With the publication of the DSM-IV in 1994, bulimia nervosa appeared in its current form, with the required feature of shape and weight concerns. Binge eating disorder (BED) was also mentioned for the first time. At this point, BED was still not known as an independent disorder but included in an appendix as a proposed diagnosis for future study.

In this edition, Anorexia Nervosa and Bulimia Nervosa were moved out of the disorders of infancy, childhood, or adolescence and became their own—Eating Disorders—while the other disorders (pica, rumination disorder, and feeding disorder of infancy or early childhood) remained in the category Feeding and Eating Disorders of Infancy or Early Childhood.

Binge eating disorder finally made an appearance as an independent diagnosis in the DSM-5 in 2013. The categories of “Eating Disorders” and “Feeding and Eating Disorders of Infancy or Early Childhood” were reunited in the new umbrella category, Feeding and Eating Disorders. The DSM-5 also included avoidant restrictive food intake disorder (ARFID), for the first time. It replaced Feeding Disorder of Infancy or Early Childhood.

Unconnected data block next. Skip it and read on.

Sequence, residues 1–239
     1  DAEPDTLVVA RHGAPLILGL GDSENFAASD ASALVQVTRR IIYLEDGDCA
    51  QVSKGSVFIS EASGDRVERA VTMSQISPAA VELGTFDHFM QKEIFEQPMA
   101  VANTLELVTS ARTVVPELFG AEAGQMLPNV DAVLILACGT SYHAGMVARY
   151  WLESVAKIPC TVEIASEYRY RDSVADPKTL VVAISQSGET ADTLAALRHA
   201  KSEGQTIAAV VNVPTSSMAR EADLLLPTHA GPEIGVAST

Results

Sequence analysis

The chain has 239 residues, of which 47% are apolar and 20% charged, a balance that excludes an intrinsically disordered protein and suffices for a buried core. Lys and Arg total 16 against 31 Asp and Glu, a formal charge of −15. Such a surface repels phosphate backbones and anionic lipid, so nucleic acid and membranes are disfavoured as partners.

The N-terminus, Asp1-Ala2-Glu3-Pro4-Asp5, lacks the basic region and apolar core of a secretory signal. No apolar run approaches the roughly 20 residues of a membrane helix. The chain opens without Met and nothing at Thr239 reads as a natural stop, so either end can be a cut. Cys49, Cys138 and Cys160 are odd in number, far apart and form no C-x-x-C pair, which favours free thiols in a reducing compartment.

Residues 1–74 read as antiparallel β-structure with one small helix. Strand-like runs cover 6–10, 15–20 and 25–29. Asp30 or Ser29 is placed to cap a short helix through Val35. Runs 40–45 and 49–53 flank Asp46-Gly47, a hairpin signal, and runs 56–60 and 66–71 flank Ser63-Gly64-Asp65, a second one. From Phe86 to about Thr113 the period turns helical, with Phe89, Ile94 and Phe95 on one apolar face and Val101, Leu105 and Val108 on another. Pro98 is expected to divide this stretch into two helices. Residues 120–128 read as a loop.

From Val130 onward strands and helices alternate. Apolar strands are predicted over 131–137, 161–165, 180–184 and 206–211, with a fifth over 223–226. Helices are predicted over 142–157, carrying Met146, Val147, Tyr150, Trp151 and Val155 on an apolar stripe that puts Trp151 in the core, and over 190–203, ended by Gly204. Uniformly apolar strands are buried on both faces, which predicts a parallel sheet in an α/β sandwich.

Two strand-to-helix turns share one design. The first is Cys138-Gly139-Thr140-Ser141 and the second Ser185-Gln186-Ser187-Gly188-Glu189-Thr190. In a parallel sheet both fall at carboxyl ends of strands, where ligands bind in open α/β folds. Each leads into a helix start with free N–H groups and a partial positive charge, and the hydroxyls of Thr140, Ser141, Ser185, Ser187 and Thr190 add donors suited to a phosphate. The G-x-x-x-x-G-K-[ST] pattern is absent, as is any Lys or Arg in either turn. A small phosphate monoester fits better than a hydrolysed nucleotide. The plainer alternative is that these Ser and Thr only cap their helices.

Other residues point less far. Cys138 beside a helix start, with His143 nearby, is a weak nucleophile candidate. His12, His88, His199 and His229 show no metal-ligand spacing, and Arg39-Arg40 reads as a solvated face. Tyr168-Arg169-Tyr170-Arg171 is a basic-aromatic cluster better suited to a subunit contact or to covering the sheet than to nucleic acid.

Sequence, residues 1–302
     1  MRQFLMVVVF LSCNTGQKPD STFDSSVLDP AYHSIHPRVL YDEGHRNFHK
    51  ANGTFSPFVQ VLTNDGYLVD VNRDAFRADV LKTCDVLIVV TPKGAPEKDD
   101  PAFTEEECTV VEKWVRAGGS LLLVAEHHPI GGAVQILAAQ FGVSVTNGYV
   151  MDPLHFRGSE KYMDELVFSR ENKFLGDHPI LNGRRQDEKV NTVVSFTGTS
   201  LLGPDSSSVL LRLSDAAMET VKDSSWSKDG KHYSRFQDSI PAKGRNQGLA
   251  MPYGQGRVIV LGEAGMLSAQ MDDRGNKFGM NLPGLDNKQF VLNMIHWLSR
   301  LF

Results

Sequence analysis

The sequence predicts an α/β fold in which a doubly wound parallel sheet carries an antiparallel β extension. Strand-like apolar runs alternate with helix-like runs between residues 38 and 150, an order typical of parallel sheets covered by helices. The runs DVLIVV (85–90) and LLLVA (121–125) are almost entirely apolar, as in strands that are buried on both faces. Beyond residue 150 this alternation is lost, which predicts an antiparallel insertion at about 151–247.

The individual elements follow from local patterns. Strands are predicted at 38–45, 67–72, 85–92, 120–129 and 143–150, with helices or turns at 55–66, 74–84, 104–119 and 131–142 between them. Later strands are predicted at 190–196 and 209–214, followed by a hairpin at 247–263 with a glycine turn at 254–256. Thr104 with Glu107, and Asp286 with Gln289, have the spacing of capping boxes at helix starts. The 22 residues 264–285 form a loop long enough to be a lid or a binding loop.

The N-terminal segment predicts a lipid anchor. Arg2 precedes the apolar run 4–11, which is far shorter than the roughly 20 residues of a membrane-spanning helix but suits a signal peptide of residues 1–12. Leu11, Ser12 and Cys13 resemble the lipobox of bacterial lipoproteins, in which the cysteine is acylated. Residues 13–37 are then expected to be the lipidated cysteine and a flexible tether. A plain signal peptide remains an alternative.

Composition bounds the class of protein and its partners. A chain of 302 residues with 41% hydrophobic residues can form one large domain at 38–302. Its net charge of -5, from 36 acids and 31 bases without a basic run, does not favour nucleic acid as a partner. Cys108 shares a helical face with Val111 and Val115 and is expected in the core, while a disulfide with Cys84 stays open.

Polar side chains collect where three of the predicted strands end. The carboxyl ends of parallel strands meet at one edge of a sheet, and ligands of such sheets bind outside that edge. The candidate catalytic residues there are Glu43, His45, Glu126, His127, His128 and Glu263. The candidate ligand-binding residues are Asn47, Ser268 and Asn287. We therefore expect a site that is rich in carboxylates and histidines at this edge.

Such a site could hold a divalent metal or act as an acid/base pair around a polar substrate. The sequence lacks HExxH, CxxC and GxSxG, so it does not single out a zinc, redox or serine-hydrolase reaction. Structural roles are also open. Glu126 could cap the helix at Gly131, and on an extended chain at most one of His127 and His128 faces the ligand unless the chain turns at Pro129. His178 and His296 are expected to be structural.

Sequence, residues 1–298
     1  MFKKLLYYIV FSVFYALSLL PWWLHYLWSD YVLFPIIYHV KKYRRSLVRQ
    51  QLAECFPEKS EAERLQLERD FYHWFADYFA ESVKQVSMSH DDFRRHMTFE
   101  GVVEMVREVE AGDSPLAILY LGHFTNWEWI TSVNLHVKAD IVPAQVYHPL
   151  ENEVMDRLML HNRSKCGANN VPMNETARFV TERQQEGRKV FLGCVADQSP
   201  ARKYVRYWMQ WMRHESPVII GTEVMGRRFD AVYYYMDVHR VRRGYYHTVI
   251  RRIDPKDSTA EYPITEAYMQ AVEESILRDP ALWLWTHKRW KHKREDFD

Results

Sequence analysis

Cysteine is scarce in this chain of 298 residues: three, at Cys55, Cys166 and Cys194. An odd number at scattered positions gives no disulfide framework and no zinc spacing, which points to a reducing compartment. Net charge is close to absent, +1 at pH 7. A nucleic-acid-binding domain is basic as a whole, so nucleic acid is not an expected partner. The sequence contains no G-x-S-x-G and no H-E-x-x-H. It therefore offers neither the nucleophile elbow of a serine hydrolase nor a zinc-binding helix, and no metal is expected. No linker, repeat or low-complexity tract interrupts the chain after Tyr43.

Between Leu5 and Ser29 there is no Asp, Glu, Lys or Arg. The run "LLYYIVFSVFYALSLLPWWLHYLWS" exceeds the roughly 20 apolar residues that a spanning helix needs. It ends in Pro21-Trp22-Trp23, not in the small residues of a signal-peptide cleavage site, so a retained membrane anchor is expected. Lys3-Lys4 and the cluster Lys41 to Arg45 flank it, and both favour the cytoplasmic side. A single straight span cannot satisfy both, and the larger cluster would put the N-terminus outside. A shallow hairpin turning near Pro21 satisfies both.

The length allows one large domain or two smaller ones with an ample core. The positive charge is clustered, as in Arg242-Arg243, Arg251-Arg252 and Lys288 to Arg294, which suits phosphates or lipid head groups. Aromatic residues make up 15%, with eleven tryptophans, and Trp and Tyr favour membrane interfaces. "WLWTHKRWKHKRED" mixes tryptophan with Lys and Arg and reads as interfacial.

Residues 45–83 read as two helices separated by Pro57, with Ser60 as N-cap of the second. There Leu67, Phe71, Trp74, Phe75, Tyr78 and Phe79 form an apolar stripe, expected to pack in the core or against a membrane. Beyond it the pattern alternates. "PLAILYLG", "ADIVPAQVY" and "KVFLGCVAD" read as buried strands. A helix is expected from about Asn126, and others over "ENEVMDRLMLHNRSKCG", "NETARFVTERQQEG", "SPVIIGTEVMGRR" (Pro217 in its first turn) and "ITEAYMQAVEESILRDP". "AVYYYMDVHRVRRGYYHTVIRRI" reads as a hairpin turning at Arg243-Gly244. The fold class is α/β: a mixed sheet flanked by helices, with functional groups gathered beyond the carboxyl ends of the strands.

In Summary

While anorexia nervosa appears to have existed for centuries and to take on meaning according to the sociocultural context, bulimia nervosa is believed to be a more modern disorder influenced by sociocultural factors, specifically the intensified idealization of thinness and the increased availability of high-density foods. Binge eating relies on large stores of readily edible food so is limited to places and periods with abundant food. Purging appears limited to a context in which prevention of weight gain is culturally meaningful.

Our understanding of these illnesses continues to expand and evolve. We now know they are complex illnesses caused by an interplay of genetic and environmental factors. We recognize that the affect people of all genders, ages, races, ethnicities, body shapes and weights, sexual orientations, and socioeconomic statuses.

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Article Sources